Protecting Inland Wetlands

October 02, 1990

The U.S. Army Corps of Engineers' decision to stop protecting non-tidal wetlands could deal a serious blow to Maryland's own commitment to these environmentally sensitive areas. They provide a natural filtering system that catches pollutants and other dangerous wastes from flowing into the Chesapeake Bay. Nevertheless, the decision by the corps frees 750,000 acres of state inland wetlands from the regulatory process.

The Department of Natural Resources should act to protect Maryland's inland wetlands. Its dedication to the preservation of coastal wetlands -- those lying along the bay and its tributaries -- is long established. Yet the decision by the corps to cut back severely on the program is a considerable loss to environmentalists.

This land is held mostly by farmers, many of whom want to develop it, or sell the land to those who do. Not surprisingly, the Fairness to Landowners Committee, which represents 6,000 members, cheered the decision by the corps.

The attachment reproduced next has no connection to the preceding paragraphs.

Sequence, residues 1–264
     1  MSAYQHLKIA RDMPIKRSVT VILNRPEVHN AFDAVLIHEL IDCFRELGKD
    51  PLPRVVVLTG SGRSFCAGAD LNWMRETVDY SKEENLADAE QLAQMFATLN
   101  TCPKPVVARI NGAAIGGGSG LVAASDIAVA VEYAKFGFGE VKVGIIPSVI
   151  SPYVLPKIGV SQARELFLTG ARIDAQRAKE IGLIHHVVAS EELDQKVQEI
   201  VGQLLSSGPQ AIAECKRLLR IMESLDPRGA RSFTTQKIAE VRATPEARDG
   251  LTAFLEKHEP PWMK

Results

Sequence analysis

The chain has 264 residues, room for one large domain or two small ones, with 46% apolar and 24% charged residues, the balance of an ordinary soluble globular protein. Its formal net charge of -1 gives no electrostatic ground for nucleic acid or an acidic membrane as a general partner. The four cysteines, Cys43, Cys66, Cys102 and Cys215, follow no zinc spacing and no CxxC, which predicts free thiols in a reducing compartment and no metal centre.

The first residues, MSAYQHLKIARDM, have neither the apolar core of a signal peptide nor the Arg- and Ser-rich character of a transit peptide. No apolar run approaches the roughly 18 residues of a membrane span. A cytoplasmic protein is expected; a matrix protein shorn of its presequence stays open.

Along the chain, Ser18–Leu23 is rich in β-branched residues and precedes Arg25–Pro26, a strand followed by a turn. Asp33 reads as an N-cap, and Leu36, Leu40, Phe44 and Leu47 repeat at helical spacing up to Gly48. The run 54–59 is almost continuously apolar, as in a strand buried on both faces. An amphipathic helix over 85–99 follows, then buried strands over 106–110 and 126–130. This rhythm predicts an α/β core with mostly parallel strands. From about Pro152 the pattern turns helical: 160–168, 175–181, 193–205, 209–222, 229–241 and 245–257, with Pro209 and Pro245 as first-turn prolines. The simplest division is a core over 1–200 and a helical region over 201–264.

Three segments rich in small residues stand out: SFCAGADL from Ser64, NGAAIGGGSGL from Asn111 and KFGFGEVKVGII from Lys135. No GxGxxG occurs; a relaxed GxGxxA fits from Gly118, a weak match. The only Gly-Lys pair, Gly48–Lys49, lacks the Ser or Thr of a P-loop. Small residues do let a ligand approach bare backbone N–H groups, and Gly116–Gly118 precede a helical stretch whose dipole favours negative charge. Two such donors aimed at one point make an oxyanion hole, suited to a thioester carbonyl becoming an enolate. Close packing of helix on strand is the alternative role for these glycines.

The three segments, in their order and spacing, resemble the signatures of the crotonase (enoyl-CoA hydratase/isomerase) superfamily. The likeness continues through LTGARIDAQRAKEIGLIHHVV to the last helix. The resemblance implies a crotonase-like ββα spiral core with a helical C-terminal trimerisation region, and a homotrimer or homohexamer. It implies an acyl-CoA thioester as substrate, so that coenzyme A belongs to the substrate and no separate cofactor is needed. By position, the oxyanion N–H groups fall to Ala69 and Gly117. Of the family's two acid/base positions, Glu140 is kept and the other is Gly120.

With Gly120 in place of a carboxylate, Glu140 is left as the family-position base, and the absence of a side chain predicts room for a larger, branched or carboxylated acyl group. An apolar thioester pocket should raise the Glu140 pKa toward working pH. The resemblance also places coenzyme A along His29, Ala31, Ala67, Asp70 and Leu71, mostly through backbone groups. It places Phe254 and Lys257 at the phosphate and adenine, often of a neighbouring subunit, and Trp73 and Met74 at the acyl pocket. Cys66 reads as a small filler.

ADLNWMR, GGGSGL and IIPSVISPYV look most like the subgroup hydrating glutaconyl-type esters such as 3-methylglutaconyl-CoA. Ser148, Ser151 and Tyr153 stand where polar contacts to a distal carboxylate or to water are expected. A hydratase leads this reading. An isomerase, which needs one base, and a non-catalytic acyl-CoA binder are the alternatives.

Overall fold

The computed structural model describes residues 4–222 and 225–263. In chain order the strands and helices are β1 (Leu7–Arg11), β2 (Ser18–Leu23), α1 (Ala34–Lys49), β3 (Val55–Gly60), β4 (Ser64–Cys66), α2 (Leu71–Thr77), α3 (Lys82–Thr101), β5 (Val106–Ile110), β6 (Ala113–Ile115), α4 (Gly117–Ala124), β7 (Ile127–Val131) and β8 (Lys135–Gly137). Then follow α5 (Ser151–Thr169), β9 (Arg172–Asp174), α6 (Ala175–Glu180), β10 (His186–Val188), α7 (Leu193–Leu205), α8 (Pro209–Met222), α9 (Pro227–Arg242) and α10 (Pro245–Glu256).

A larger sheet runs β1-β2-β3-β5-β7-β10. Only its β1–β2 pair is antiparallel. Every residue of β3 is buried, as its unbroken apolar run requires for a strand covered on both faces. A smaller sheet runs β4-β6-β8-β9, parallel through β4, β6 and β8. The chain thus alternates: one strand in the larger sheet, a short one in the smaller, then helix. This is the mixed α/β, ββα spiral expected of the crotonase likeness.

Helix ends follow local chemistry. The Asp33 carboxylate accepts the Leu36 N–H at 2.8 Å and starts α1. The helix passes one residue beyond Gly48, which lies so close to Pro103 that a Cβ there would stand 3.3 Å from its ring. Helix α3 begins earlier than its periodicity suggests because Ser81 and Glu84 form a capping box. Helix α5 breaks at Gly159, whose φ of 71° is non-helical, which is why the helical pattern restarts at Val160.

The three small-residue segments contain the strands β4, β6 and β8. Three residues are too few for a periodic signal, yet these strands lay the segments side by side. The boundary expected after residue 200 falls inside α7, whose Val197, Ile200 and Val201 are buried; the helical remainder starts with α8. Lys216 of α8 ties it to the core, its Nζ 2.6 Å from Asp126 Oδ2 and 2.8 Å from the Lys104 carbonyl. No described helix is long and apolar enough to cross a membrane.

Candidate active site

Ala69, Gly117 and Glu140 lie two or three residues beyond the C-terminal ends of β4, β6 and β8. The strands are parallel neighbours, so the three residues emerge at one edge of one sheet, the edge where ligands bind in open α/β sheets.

The state adopted its definition of non-tidal wetlands to coincide with the corps of engineers' earlier stance. Now the DNR will fall in line with the decision by the corps to exclude acreage that has been drained and farmed sometime in the last five years. The DNR does not have to follow the corps' decision, though, which was dictated in large part by landowner pressures.

Around the country, complaints have come largely from Midwestern farmers who see huge amounts of low land washed out by rains that later returns to cultivation. Such land is easily farmed when drained, and it may never have any legitimate use as wetland. In Maryland, however, the terrain of the land and its relation to the many creeks and rivers that flow into to the bay make inland wetlands far more environmentally sensitive. This delicate eco-system must be protected, if not by Washington then by Annapolis.

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